In this computation example, the azimuth distributions of coupling field with different incident angle are calculated. Set terrestrial surface as concrete surface. Set the incident angles θ_{i} as 45˚, 60˚ and 75˚ (corresponding grazing angles
${\varphi}_{\text{in}}$ are 45˚, 30˚ and 15˚). The curves of azimuth distribution with different incident angle are given as shown in Figure 5. In Figure 5, there is an obvious peak value existing at the azimuth angle of 180˚ in every curve. The phenomenon shows that the multipath interference is strongest if the seeker detects the target along the direction of the tail. As shown in Figure 5, when the seeker detects the target at the grazing angle 30˚, the coupling field is weaker than the curve with other incident angle. The reason causing this phenomenon is the Brewster effect. The Brewster angle of concrete surface is 30˚, therefore, when electromagnetic wave illuminates the surface at the Brewster angle in VV polarization, the specular scattering will reach the minimum level. By contrast, when seeker detects the target at the grazing angle 45˚ or 15˚, the azimuth distributions of coupling field are at the similar level. From the numerical results, a conclusion is obtained that if the seeker detects target at the Brewster angle, the multipath interference will be weakened in azimuth distribution.

4.3. Coupling Field with Different RMS

In this computation example, the influences of RMS on coupling field are discussed. Set terrestrial surface as concrete surface. Set the RMS h_{rms} as 0.1λ, 0.3λ and 0.5λ. The curves of coupling field with different RMS are as shown as follow.

In Figure 6, with the increase of RMS, the coupling field of almost angles decreases obviously. The reason causing the phenomenon is that when the environmental surface becomes rougher, the diffuse scattering characteristic of the environment enhances that leads to the weaker multipath interference.

Figure 5. Azimuth distribution of coupling field with different incident angle.

Figure 6. Coupling field with different RMS.

4.4. Coupling Field with Different Target Height

In this computation example, the influences of target height on coupling field are discussed. Set terrestrial surface as concrete surface. Set the target height as 15 m, 30 m, 45 m, 60 m, 75 m and 90 m. The curves of coupling field with different target height are given as follow.

In Figure 7, with the increase of target height, the coupling field of almost angles decreases gradually. The reason causing the phenomenon is that when the target height becomes higher, the coupling effect between target and environment becomes weaker. When target height is 15 m or 30 m, the corresponding angle of minimum value is 30˚. When target height is 45 m, the corresponding angle of minimum value is 29.5˚. When target height is 60 m, the corresponding angle of minimum value is 29˚. When target height is 75 m or 90 m, the corresponding angle of minimum value is 28˚. A conclusion is obtained that with the increase of target height, the corresponding angle of minimum value for coupling field decreases. Therefore, when seeker detects target at different height, the detection angle must change correspondingly.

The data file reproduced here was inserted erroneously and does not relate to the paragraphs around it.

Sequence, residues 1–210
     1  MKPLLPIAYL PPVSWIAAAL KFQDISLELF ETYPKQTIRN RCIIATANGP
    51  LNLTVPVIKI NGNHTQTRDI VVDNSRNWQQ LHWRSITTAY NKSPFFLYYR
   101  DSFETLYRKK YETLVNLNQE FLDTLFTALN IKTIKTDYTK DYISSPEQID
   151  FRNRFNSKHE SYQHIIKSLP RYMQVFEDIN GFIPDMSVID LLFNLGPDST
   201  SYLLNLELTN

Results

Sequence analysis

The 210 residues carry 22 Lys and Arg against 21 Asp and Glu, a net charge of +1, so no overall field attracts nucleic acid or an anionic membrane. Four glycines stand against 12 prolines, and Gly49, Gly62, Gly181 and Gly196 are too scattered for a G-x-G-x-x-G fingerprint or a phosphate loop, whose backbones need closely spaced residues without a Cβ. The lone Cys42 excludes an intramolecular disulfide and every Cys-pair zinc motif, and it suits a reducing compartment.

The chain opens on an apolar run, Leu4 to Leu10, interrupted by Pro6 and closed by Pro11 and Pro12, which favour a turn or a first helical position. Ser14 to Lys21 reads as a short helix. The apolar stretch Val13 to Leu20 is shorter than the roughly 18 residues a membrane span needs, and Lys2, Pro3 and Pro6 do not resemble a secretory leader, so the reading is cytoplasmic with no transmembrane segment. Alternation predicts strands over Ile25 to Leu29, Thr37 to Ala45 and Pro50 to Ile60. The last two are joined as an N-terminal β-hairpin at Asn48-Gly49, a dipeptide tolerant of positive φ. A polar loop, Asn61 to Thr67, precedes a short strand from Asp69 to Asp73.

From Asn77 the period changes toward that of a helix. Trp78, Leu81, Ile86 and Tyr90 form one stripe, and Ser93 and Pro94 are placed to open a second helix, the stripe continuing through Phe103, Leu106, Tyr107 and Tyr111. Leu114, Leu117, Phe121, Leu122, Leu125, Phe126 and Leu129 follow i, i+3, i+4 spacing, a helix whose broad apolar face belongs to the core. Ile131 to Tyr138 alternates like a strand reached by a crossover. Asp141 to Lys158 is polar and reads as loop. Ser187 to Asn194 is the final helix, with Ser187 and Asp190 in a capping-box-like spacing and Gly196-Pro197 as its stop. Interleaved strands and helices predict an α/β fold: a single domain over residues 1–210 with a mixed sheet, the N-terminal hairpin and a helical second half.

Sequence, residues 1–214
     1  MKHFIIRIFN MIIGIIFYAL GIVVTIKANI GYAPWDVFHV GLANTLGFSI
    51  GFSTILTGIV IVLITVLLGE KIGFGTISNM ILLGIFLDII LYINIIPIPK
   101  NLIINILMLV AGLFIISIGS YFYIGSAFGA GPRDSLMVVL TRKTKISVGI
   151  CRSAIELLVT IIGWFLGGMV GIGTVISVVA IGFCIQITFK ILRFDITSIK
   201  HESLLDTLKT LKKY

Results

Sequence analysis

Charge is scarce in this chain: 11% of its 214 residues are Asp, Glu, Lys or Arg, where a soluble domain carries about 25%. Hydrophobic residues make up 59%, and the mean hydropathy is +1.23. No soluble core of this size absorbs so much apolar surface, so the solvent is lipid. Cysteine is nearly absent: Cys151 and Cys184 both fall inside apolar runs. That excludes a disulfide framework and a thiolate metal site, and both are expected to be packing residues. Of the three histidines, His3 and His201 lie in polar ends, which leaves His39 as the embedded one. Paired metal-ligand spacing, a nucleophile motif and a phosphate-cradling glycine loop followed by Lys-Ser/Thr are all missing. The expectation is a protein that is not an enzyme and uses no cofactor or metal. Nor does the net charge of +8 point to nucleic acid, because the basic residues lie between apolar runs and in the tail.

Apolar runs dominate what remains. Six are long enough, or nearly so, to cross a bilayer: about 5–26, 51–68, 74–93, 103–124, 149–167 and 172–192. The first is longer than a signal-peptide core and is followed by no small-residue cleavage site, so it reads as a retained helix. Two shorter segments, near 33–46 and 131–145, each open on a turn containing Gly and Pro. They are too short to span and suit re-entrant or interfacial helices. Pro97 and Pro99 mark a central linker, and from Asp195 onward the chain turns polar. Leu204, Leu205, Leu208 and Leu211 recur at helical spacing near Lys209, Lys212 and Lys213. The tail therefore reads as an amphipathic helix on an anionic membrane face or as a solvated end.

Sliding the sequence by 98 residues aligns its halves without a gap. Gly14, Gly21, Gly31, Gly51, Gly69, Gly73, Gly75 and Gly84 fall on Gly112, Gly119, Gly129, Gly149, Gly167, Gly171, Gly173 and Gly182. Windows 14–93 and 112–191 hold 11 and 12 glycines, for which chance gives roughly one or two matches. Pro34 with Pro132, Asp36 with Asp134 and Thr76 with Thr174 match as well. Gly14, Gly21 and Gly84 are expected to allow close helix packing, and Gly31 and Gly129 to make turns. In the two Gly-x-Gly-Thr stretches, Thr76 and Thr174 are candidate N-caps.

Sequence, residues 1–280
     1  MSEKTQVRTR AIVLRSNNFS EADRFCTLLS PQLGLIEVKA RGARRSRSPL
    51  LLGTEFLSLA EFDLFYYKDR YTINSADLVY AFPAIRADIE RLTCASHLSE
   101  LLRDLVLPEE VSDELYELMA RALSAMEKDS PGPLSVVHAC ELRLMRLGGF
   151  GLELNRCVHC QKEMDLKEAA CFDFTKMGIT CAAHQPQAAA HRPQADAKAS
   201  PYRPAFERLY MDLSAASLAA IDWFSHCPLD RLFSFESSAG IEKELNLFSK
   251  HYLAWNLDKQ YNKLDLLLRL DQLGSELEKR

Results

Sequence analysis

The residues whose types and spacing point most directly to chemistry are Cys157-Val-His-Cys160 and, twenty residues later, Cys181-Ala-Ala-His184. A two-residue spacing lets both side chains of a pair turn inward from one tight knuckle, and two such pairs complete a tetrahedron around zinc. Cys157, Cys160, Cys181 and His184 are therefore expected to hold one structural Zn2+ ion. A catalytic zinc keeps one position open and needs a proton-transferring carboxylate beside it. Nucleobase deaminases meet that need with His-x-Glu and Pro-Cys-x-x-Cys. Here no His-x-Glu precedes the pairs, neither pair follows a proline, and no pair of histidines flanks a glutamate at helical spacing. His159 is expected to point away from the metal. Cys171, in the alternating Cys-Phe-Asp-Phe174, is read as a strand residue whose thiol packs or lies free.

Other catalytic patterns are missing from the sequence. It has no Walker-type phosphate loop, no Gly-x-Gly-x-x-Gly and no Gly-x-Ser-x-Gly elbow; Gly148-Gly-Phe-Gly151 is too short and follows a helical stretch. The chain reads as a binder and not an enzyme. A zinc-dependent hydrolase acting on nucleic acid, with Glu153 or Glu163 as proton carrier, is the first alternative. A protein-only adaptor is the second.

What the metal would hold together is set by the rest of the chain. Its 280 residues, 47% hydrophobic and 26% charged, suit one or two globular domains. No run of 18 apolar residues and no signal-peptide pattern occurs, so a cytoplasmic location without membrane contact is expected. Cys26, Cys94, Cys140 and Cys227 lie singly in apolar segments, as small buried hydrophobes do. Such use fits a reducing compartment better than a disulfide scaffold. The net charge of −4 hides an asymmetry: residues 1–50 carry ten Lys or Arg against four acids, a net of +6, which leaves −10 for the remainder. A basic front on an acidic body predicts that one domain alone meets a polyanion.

Figure 7. Coupling field with different target height.

5. Conclusion

This paper attempts to establish a kind of scattering model for super-low altitude aircraft target. Based on the traditional FPM, the Gauss antenna radiation pattern is introduced to modify the FPM model. The hybrid method PO + MEC is applied to calculate the scattering from facets and edges of target. The characteristics of coupling field from super-low altitude aircraft target above different terrestrial environments are analyzed by modified FPM. The influences of height of target, RMS and incident angle on coupling field characteristics are discussed. Four important conclusions are obtained: firstly, if the seeker detects target at the Brewster angle, the multipath interference will be weakened in azimuth distribution; secondly, with the increase of RMS, the coupling field of almost angles decreases obviously; thirdly, with the increase of target height, the coupling field of almost angles decreases gradually; fourthly, with the increase of target height, the corresponding angle of minimum value for coupling field decreases. The simulation results can be used for reference in detection for super-low altitude target and optimization for radar system.

References